This past Saturday, Marketa Vondrousova became the latest player to add her name to the list of elite Grand Slam champions.
With her victory at the Wimbledon Championships, Vondrousova reminded us that she charts her own path on the court, relying on clever shot-making and an uncanny ability to frustrate her opponents.
Here's a look back at her captivating run along with a handful of lingering questions:
The two Wimbledon finalists, Marketa Vondrousova and Ons Jabeur, are known for their innovative playstyles. How do you think this approach contributed to their success in an event that is generally suited for traditional power hitters?
Courtney Nguyen: Creative players like Jabeur have always been able to flourish at the All England Club. Having a devastating drop shot, adaptability on your baseline groundstrokes, light footwork and an efficient serve are 90 percent of the battle. But you can’t talk about the recent Wimbledon results and not mention the changed conditions. The grass has been slower in recent years, and the addition of the roof also can slow conditions. Vondrousova knew that as well as anyone. The roof closed when she was 3-1 down in the final set against Jessica Pegula, and it was closed for both the semifinals and final. Before Wimbledon, the Czech’s only WTA title came under a roof.
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Greg Garber: This is precisely why I look forward to the grass-court season. The surface supports all kinds of games. These two adapted beautifully as they went through the draw, defeating players who had more firepower but were lacking their subtle toolkit. After Jabeur beat defending champion Elena Rybakina in the quarterfinals, Rybakina cited poor serving as the element that let her down. Two other Top 5 seeds, Aryna Sabalenka (Jabeur) and Carolina Garcia (Marie Bouzkova) lost to more well-rounded players when their service games weren’t up to par.
Alex Macpherson: The oddity of grass is that the playing styles it rewards most are complete contrasts: big-serving, first strike players, yes -- but also slice-and-dicers who use their feel for the nuances of the surface to blunt power. Former champion Ashleigh Barty exemplified this, as have former semifinalists such as Tatjana Maria, Kirsten Flipkens, Magdalena Rybarikova and Barbora Strycova. And even more important, if anything, is finding a level of comfort with movement in order to fully maximize preferred style. Jabeur possesses both power and finesse. It's no surprise grass has become her favored turf. Vondrousova always possessed the slice, the drop shots and the volleys, but the movement was the last piece. She said she felt slow on it before this year -- but during her title run, her speed was a revelation.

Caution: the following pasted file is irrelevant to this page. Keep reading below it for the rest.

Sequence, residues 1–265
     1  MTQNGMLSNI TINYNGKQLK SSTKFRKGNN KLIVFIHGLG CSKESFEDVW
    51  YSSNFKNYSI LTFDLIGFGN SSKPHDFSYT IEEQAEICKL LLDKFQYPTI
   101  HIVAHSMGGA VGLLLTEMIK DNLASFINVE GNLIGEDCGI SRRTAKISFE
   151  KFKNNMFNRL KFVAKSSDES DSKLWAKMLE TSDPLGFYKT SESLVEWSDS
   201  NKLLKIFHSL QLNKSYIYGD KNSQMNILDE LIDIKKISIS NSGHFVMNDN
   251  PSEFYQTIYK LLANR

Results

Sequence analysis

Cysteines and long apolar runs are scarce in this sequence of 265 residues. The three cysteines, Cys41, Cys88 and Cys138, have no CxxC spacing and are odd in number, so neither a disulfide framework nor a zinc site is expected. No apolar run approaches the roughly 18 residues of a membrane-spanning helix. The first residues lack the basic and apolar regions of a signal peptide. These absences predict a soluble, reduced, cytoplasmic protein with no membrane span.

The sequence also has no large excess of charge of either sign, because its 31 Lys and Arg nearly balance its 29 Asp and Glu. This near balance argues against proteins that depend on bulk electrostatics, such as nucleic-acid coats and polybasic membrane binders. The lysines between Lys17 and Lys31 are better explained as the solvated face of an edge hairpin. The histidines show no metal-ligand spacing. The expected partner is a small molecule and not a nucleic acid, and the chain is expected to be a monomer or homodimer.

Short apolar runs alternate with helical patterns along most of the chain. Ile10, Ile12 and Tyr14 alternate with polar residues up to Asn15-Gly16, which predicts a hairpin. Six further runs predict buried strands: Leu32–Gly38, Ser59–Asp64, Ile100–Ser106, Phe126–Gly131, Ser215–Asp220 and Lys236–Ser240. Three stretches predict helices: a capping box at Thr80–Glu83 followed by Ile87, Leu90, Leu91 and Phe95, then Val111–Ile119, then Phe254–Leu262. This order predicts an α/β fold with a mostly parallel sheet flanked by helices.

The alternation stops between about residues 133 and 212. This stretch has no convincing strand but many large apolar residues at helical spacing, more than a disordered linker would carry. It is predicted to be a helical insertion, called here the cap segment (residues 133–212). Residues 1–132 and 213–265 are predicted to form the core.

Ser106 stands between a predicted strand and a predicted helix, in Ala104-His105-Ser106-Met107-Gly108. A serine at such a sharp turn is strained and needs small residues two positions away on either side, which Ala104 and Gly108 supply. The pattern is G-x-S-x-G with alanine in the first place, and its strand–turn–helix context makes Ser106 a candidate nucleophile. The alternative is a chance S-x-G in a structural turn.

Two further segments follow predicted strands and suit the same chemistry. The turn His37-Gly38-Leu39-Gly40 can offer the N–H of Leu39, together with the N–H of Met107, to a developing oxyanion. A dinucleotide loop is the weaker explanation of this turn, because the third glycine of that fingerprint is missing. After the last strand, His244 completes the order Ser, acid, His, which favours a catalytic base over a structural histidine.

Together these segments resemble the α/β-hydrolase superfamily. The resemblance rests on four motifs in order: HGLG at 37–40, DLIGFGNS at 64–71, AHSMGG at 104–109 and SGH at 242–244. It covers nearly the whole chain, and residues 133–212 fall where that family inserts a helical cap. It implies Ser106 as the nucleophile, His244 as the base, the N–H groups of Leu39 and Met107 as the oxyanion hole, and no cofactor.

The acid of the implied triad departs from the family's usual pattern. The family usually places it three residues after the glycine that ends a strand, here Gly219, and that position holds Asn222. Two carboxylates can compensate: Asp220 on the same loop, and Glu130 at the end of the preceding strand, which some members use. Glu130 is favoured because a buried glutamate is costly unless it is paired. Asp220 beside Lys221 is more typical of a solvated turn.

Jason Juzwiak: Grass is funny. In the early 1990s, Conchita Martinez had almost all of her earliest successes on clay courts, but she was able to apply that game to grass, eventually slicing what felt like a million passing winners beyond nine-time champion Martina Navratilova’s serve-and-volley power to win the 1994 Wimbledon final. Like the rest of the gang noted, the unique surface can reward seemingly contradictory game styles, and it often comes down to who is the best version of themselves on match day, which is what makes Wimbledon such a fascinating major.
Of all the feel-good moments at Wimbledon, which one stuck with you the most?
Garber: The progress of Sofia Kenin. She won the Australian Open in 2020 and made the final at Roland Garros later that same year. Since then, a series of injuries have kept her well down the rankings ladder. At Wimbledon, she needed to win three qualifying matches just to make the main draw. Then she defeated No.7 seed Coco Gauff in the first round and Wang Xinyu in the second. Kenin fell to unseeded Elina Svitolina 7-6(3), 6-2, but that loss looks a lot different after Svitolina made it all the way to the semifinals. Kenin is still only 24 years old and she saw her ranking move to No.91 from No.128, which will get her back into the main draws at majors.
Macpherson: I was on court for the final set of Elina Svitolina's stirring comeback win over Victoria Azarenka, and the atmosphere was as tense as the Wimbledon fortnight got. The crowd embraced the Ukrainian's story -- a new mother, fighting for something larger than herself even as her country continues to fight for its freedom -- and lived and died with every scoreboard fluctuation. Svitolina seemed down and out trailing 7-4 in the match tiebreak but came up with a series of remarkable shots to capture the win. When she slammed down that final ace out wide and sank to her knees as the crowd rose to applaud her, it was a moment that sent chills down the back.
Nguyen: I have to go with Hsieh Su-Wei and Barbora Strycova winning the doubles title to give the retiring Czech her fairytale ending at the All England Club. Wimbledon was the first Grand Slam Strycova played, and it was where all her professional milestones came, most memorably coalescing in 2019 when she made the singles semifinal and won the doubles with Hsieh. After retiring to start a family, she wanted to say goodbye to the All England Club one last time. With a locked-in Hsieh at her side, the duo ousted No.3 seeds Elise Mertens and Storm Hunter – who had lost no more than three games in any match – in straight sets.